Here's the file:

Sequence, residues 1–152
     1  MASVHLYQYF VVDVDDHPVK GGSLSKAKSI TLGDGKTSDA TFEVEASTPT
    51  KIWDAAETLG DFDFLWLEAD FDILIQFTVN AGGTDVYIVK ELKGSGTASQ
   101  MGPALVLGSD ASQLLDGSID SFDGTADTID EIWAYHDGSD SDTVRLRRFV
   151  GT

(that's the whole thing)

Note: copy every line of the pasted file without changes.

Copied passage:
Sequence, residues 1–152
     1  MASVHLYQYF VVDVDDHPVK GGSLSKAKSI TLGDGKTSDA TFEVEASTPT
    51  KIWDAAETLG DFDFLWLEAD FDILIQFTVN AGGTDVYIVK ELKGSGTASQ
   101  MGPALVLGSD ASQLLDGSID SFDGTADTID EIWAYHDGSD SDTVRLRRFV
   151  GT